Curfew takes toll on cancer patients
Prolonged curfew in Kashmir is preventing cancer patients from receiving chemotherapy treatments and other palliative care. Heavy restriction on traveling prevented hundreds of cancer patients from visiting Sher-i-Kashmir Institute of Medical Sciences (SKIMS) last week. According to media reports, 120 out of the 600 patients, who were scheduled to receive therapy, could not reach the SKIMS because of severe curbs. It is only after the hospital staff worked beyond official hours that 80 other patients received treatment, that too, after their due dates.
Plight of the patients
It is rare for cancer patients to skip their scheduled therapies, be it chemotherapy, radiotherapy, or other forms of treatment. Patients from far off places, especially in north Kashmir, are finding it difficult to reach hospitals, thus missing therapy sessions. It puts the patients at a greater risk because the treatment cycle is upset. Even those who have been recommended anti-cancer drugs can’t administer them at home since treatment cycles need proper follow-up.
Moreover, the number of patients visiting the oncology OPD has reduced by one-third of what is expected on normal days. SKIMS has urged security forces and stone-pelting protesters “to allow unrestricted movement of ambulances and other vehicles carrying hospital staff”.
Speaking to Down To Earth, Minister of State for Health & Medical Education and Social Welfare, Asiea Naqash said that although she had no information about availability of chemotherapy service in district hospitals across Kashmir, she said that the government has issued a circular on newspapers asking families of cancer patients to get in touch with their CMOs for any assistance.
Helpline for cancer patients
Kashmir’s premier hospital, SKIMS, has close to 2400 cancer patients from 16 districts. In the face of crisis, Directorate of Health Services, Kashmir (DHSK), in association with SKIMS, announced helpline numbers for cancer patients across Valley. Calling the helpline numbers would help cancer patients get oral anti-cancer drugs from their local district hospitals. Talking to Down To Earth, Ijtaba Shafi, one of those responsible for facilitation of drugs, said, “We are running a Control Room where we are receiving calls from different districts asking for medicine, and sometimes an ambulance. We are also enabling willing donors to donate blood for cancer patients.”
Cancer Society of Kashmir
As curfew curbed movements, patients turned to Cancer Society of Kashmir, an organisation established in March 1999 to give free consultation and medicine to cancer patients. Abdul Khalid, one of the officials, told Down To Earth that at least 25 patients received chemotherapy sessions since July 8 and close to 110 patients were given anti-Cancer medicine in the last two weeks. “We visit houses of cancer patients even when the curfew is on. Security forces let us go by doing a round of checking,” said Khalid. The organisation has also treated 42 CML patients (Chronic myeloid leukaemia) ever since the curfew was imposed.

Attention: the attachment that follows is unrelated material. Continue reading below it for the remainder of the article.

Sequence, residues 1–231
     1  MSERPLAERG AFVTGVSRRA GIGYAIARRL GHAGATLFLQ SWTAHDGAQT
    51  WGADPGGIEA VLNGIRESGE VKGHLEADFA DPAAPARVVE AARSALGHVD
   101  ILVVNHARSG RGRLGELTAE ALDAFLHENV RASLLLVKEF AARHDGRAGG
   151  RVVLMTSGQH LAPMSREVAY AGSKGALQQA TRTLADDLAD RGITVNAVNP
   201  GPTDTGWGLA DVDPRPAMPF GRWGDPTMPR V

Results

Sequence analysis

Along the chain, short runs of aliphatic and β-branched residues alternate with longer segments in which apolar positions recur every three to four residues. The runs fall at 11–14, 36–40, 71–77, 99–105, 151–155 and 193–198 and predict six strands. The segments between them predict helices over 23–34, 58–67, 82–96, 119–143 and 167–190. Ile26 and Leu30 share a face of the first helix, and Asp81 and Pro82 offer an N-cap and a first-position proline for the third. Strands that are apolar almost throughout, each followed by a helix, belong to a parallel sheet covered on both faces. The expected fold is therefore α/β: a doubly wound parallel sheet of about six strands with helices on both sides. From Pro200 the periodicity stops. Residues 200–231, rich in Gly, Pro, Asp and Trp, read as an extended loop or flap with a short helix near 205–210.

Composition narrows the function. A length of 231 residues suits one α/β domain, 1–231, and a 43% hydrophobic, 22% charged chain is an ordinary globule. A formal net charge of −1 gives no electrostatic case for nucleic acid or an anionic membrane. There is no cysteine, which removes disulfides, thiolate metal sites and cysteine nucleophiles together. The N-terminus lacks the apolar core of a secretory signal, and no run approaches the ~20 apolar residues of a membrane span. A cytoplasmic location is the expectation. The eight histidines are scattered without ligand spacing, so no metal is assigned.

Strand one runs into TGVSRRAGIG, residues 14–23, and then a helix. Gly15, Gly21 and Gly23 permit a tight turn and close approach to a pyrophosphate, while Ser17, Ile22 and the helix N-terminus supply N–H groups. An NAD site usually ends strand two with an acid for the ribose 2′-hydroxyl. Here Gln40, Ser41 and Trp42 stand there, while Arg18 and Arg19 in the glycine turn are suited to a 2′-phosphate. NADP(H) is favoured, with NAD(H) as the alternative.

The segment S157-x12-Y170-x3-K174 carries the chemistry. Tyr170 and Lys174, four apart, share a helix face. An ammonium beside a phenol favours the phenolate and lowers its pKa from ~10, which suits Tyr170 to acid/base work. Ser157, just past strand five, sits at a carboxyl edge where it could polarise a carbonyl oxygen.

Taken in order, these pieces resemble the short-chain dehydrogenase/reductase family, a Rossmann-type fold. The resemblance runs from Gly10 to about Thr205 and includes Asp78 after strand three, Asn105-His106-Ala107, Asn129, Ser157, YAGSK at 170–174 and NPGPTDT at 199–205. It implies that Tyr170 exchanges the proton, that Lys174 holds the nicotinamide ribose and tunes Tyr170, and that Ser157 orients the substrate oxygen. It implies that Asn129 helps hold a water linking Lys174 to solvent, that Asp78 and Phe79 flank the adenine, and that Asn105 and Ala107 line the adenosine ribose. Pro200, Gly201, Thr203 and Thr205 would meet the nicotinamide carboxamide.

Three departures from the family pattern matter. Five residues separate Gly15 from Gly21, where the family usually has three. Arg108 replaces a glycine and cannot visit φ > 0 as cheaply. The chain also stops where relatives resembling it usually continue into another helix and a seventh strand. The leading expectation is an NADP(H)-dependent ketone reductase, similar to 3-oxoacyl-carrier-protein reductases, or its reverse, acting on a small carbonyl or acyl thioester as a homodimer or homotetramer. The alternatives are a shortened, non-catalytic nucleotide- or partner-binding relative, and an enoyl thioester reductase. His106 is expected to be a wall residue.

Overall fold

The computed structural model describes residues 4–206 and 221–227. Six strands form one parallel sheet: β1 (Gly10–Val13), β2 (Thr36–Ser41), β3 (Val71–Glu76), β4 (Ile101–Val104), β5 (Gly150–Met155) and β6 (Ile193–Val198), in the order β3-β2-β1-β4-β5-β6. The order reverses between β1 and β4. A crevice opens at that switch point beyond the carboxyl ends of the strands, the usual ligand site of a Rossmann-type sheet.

Treatment infrastructure remains crippled despite rising cancer cases
In June 2016, the state government had dismissed the argument that there has been an alarming rise in the number of cancer patients during the last five years. However, its official data says otherwise. Around 4,556 cancer patients were registered in 2011. The numbers rose to 4,848 and 5,068 in 2012 and 2013. A leap of 500 more patients was witnessed in 2014 before it reached 6,358 in 2015.
Bali Bhagat, health minister of Jammu and Kashmir, had informed last month that lung cancer has become most prominent in the state as the prevalence of smoking has gone up. According to Bhagat, lung, throat, gastro-internal, and lymphoma cancers are predominant in men, while cervical, breast, throat, gastro–Internal, and lung cancers are predominant in women.
Despite the growing cases of cancer in Kashmir, the state government is yet to improve the infrastructure needed to attend to cancer patients. The SKIMS Regional Cancer Centre is currently the only cancer centre in Kashmir despite the government declaring the Kashmir Nursing Home at Gupkar as a Cancer Center apart from other ‘Oncology departments’ at GMC Srinagar.
Currently, the Medical Oncology Department of SKIMS has only three faculty members. Despite stretching work hours and taking help of Doctor of Medicine (DM) students, it is still not enough to serve a huge rush of patients. Moreover, the cancer patients at SMHS Hospital queue up with general surgery patients for operations since the hospital has no Department of Surgical Oncology. Most of the government projects have failed to take off. The Super Specialty Hospital at Deewanbagh is yet to be constructed and the Cancer Institute is yet to be made functional with staff.
The Centre has sanctioned two new cancer institutes in Jammu and Kashmir at the cost of Rs 120 crore each. One of them will come up at SKIMS, Srinagar. Besides, three tertiary cancer care centres, sanctioned by the Central government, will be set up in Kupwara, Kishtwar, and Udhampur.
DOWN TO EARTH
(Views expressed are strictly those of Down to Earth.)